Jason Ray Carney

Serious literary artists such as T.S. Eliot, James Joyce and Virginia Woolf loom large in most accounts of the literary art of the first half of the 20th century. And yet, working in the shadows cast by these modernists were science fiction, horror and fantasy writers like the “Weird Tales Three”: H.P. Lovecraft, Clark Ashton Smith and Robert E. Howard.

They did not publish in artistically ambitious magazines like Dial, The Smart Set and The Little Reviewbut instead in commercial pulp magazines like Weird Tales. Contrary to the stereotypes about pulp fiction and those who wrote it, these three were serious literary artists who used their fiction to speculate about such philosophical questions as the function of art and the brevity of life.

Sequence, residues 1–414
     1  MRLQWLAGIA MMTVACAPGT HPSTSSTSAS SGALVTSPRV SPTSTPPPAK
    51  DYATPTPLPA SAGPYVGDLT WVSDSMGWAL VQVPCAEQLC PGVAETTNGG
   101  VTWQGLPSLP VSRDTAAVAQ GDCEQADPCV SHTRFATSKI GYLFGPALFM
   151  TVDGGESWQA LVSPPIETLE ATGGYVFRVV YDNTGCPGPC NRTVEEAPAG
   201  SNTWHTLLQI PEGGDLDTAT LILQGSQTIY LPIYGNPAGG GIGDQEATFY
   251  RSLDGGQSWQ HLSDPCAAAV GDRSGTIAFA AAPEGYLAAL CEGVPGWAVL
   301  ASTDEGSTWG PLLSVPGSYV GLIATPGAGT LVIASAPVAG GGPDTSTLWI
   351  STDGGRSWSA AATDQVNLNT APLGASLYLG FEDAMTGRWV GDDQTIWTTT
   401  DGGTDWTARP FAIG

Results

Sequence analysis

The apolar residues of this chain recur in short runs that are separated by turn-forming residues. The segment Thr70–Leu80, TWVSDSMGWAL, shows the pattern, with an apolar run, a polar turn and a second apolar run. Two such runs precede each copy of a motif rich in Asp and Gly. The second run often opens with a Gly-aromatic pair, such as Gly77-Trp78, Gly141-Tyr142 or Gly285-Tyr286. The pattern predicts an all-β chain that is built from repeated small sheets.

Posted on

Newly Published: Beryl Halley

New on our bookshelf:

Beryl Halley: The Life and Follies of a Ziegfeld Beauty, 1897–1988
Jacob L. Bapst and Ivan M. Tribe

Born in rural Ohio in 1897, Beryl Halley was educated at a strict Freewill Baptist school. After briefly teaching in a one-room schoolhouse, she joined the navy in 1918 before her unlikely path led her to Broadway, then to the Ziegfeld Follies (1923–1925). She also appeared in Earl Carroll’s Vanities and other revues, as well as in films, and had a widely publicized brush with the law (over alleged nudity) in 1926.

She retired from show business in 1930, married an insurance executive and had a family, later reappearing in the public eye as an officer in the Ziegfeld Girls’ Club. Making her home in Houston in the 1950s, she worked as legal secretary for a large law firm. Her death at age 90 was unpublicized. Her story is told here for the first time.

Posted on

Newly Published: Women’s Space

New on our bookshelf:

Women’s Space: Essays on Female Characters in the 21st Century Science Fiction Western
Edited by Melanie A. Marotta